If you drop a 1.36 kg weight and it falls .1524 meters, what is its velocity when it hits the ground and how is this calculated. Ultimately I am trying to decide how much energy is released.

Thanks,

Greg

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- Dec 21st 2005, 03:23 AMGreg Evelocity of falling object
If you drop a 1.36 kg weight and it falls .1524 meters, what is its velocity when it hits the ground and how is this calculated. Ultimately I am trying to decide how much energy is released.

Thanks,

Greg - Dec 21st 2005, 12:45 PMCaptainBlackQuote:

Originally Posted by**Greg E**

constant acceleration of $\displaystyle -g$ the minus sign is conventional as

up is normally taken as positive, and so downward accelleration is negative.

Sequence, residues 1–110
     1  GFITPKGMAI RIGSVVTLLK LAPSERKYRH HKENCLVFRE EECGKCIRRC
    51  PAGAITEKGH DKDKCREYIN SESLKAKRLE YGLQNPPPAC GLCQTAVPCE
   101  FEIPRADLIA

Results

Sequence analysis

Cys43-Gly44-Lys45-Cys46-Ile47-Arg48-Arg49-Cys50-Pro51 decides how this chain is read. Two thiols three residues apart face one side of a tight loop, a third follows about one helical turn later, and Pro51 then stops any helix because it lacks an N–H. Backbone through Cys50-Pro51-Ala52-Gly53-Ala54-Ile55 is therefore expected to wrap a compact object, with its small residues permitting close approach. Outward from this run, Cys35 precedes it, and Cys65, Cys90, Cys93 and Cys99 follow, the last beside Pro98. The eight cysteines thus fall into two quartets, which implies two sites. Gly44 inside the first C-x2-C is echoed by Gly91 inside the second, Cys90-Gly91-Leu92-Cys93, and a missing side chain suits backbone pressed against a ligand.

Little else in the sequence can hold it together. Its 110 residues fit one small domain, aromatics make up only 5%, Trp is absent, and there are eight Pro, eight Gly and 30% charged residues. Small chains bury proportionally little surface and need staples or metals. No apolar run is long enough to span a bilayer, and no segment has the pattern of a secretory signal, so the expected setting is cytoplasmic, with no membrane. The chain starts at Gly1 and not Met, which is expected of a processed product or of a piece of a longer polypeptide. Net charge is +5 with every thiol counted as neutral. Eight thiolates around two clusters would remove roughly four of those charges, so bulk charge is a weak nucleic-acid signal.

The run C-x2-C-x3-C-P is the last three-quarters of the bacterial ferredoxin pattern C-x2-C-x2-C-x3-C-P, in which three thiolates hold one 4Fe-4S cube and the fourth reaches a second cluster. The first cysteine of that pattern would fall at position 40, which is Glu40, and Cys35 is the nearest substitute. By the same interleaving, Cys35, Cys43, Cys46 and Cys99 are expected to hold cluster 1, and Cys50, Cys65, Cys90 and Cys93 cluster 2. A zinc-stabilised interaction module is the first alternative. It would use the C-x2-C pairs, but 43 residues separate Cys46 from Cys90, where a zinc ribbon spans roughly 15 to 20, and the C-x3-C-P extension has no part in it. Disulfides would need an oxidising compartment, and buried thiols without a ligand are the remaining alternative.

So $\displaystyle v=-g\cdot t+c$, and if the initial speed is $\displaystyle 0$ then $\displaystyle c=0$.

Integrating again gives:

$\displaystyle x=-\frac{g\cdot t^2}{2}+x_0$,

where $\displaystyle x_0$ is the initial height of the weight, for convenience we will

take this to be $\displaystyle 0$.

Now we are interested in what is happening when the weight has fallen

$\displaystyle 0.1524m$. This occurs when:

$\displaystyle 0.1524=-\frac{g\cdot t^2}{2}$,

or:

$\displaystyle t=\sqrt{\frac{2\cdot 0.1524}{g}}$.

Putting this back into the equation for vertical velocity:

$\displaystyle v=-g \cdot \left( \sqrt {\frac{2 \cdot 0.1524}{g}} \right)=-\sqrt{g \cdot 2 \cdot 0.1524}$.

At the earth surface $\displaystyle g \sim 9.81 m/s$.

We could have short circuited this calculation by knowing that the change

in potential energy when the weight drops through a height$\displaystyle h$is

$\displaystyle PE=m \cdot g \cdot h$,

which will equal the kinetic energy of the weight when it has fallen from rest

through a distance $\displaystyle h$:

$\displaystyle KE= \frac{1}{2}m \cdot v^2$

RonL